Though not conventionally sexy, PETA founder Ingrid Newkirk learned to capitalize on other women’s mainstream sex appeal early on in her animal rights endeavors. “Lettuce ladies” wearing nothing but green leaves where bikinis should be or super models and sexy stars like Pamela Anderson going naked in anti-fur campaigns to garner attention for the un-sexy plight of animals in captivity. It has worked incredibly well – PETA is the largest animal rights organization with close to one million members worldwide.  Their controversial choice of using sex appeal in many of their campaigns strikes a nerve with feminists, preachers and (apparently) confused citizens.

While there are still places in the world, in this country even, where people grow their own food, not just a little herb garden or tomatoes, but the whole meal, Americans for the most part are oblivious to food without packaging, no nutrition fact boxes, no price tags, but real, fresh whole foods eaten as a form of sustenance and survival. This can and should be pleasurable, but as food is first and foremost fuel, it’s got to have a nourishing value to warrant consuming. At least that was how humans related to food until the last century. Put a can of Pringles in front of a Moroccan shepherd and eating them is probably one of the last things he’d consider. Food in America, like sex, is defined and controlled by corporations. Companies invested in our addictions and diseases are obviously interested in their being an association between things that are bad for us being indispensable. It’s why we cycle between binge eating and dieting, idolizing sexuality in others while one in two marriages in this country ends in divorce.

If we want to break this cycle and stop punishing ourselves, we’ve got to start asking those questions that make us tense up. What’s sexier: A woman eating a greasy hamburger or biting into a juicy summer peach? Is there really something un-masculine about eating vegetables?  Certainly men will find the woman with fruit on her tongue more appealing than a chunk of gristle, so why then would he assume a woman finds it sexy if he were gnawing on the leg of a helpless chicken? It never got weird enough … Hunter S. Thompson said that. Well, what’s weirder than eating things that are making us sick and being repulsed by healthy sexy women?  Maybe the only thing weirder would be to stop doing it.





Cleaning Up Soap: Why The Bronner Family Is Washing Out a Few Mouths

27 03 2008

By Jill Ettinger

What we eat, drink and breathe is certainly important, but so is what we absorb through our skin. The skin is an organ – our largest in fact. Our internal control centers are all wrapped up inside this giant organ, yet we seem to forget (or ignore) this truth. Perhaps it’s because our personalities and identities appear to be forged through our skin’s shapes and colors. We deem it as a reflection of our deeper “organ-less” self, when it is simply just one part of the whole.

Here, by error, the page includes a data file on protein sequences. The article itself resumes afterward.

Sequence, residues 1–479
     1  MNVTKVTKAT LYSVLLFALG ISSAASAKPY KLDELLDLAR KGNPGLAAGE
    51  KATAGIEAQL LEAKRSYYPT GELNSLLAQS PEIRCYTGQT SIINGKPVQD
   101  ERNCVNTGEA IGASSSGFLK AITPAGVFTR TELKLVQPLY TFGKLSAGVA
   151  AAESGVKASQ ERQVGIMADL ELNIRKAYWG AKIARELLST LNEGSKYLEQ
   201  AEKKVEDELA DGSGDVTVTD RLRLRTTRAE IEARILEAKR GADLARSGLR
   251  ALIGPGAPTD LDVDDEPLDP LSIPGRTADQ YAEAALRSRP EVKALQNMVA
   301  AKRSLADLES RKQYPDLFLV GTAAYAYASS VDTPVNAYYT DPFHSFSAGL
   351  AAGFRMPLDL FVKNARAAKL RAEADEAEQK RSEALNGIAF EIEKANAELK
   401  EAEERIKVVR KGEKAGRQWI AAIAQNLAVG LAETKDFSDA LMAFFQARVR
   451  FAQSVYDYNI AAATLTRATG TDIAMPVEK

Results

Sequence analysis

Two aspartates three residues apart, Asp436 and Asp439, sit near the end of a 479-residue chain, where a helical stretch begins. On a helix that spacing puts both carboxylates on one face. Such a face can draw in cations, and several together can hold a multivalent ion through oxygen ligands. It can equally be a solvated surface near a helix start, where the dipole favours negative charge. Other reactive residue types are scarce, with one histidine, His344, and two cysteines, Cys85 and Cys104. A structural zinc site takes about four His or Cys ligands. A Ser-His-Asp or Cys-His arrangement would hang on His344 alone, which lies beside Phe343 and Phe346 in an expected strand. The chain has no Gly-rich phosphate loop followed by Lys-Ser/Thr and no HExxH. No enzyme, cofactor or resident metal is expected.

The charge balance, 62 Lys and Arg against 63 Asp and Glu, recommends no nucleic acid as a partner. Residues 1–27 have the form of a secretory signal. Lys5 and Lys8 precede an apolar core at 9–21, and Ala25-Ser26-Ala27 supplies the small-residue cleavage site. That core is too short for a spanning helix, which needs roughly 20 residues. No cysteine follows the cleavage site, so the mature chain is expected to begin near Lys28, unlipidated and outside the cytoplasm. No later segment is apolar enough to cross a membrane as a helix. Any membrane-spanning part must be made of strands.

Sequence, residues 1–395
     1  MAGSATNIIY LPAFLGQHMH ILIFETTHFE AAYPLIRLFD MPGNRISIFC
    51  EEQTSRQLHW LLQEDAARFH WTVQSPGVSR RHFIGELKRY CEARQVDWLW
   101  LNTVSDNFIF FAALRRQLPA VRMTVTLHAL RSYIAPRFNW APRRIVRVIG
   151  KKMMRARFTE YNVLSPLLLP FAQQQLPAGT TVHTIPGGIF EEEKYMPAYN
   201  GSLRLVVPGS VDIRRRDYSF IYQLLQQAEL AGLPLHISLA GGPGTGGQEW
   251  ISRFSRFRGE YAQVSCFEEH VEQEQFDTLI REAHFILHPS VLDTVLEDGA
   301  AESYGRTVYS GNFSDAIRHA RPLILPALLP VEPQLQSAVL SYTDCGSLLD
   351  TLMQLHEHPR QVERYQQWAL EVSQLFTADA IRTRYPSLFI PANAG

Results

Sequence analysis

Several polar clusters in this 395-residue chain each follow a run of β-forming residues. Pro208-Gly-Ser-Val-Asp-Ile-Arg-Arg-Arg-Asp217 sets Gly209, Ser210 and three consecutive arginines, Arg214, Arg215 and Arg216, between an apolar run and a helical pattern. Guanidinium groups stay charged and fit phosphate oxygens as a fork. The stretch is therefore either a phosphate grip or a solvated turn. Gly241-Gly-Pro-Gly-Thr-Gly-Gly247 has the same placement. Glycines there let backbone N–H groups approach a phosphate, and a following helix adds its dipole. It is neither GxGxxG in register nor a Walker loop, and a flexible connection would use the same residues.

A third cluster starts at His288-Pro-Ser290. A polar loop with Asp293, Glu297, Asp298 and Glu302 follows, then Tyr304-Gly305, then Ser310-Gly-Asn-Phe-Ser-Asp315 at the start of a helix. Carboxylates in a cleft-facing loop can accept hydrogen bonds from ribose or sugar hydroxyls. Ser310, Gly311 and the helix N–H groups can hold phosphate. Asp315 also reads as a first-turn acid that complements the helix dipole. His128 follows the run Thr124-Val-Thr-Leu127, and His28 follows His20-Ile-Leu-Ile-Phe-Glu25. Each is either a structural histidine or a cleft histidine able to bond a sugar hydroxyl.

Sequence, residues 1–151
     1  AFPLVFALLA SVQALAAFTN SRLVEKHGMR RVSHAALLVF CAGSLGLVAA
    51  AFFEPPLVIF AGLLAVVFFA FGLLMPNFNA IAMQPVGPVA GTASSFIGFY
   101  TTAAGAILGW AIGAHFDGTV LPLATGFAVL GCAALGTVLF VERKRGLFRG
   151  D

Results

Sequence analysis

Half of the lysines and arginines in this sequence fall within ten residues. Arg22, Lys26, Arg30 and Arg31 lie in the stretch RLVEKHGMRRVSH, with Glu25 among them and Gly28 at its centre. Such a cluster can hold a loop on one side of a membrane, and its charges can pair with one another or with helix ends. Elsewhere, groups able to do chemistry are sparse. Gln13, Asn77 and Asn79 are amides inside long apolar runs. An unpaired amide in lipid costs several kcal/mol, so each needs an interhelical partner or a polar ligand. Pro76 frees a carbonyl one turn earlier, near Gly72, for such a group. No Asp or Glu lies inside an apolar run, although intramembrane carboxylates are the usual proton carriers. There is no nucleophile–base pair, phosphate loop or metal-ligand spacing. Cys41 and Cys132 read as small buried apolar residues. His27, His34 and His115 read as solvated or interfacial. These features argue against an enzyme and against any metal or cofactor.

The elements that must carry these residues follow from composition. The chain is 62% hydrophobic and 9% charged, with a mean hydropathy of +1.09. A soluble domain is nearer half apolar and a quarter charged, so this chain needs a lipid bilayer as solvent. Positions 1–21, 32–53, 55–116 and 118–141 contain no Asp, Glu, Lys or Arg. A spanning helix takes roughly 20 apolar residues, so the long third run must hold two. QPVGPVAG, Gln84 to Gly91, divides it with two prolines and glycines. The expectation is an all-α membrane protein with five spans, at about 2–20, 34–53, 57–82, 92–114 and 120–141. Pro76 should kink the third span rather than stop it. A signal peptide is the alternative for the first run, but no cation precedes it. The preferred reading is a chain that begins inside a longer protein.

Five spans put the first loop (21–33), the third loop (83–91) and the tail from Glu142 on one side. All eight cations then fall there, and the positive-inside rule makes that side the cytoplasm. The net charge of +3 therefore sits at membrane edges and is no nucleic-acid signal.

Contrary to red carpet commentary and style magazine recommendations, the skin does much more than make us sexy or otherwise. It does more than keep our bones and guts from falling all over the place. It soaks up nutrients; it’s both a delivery system and a barrier. The skin is our most corporeal relationship. It’s sensual and mysterious. And of course, it must be kept clean.

If cleanliness is indeed right up there next to the holiest of all things, then the Bronner family appear to be a bunch of angels working overtime, ensuring people are truly getting soaps that are safe and effective, not laced with harsh chemicals.

Read the full article on Reality Sandwich.





Global Beat Fusion: Classical Egypt in America

21 03 2008

by Derek Beres

The room is not filled, but there are enough people to embrace the musicians as they deserve—warmly, affectionately, and personably. Symphony Space on Manhattan’s Upper West Side is known for exceptional traditional and world-oriented programming, and is a fitting venue for what is to come.

Seven men and one woman dressed eloquently stroll onto stage, displaying with their instruments an intriguing blend of Arabic and Western histories—the tambourine riqq, the small lute oud, the zither qanun, and the more recognizable violin and cello. Three singers sit at the helm of the semi-circle; a 30-ish man and woman flanking a man more than double their age. He will be the spotlight of the show, though in truth everyone plays brilliantly.

That man’s name is Youssef Kassab, a Syrian professor who has been singing the classical folk music of the Arabian world for over five decades. While he did not found the Chicago-based Arabesque Music Ensemble, his advice and guidance on their latest album, The Music of the Three Musketeers (Xauen), proved to be a godsend to the young collection of musicians. Their aim was to capture Arabian folk traditions in their every nuance, and though they were forced to completely re-record the original to meet Kassab’s approval, founder/qanun player Hicham Chami felt blessed for the opportunity.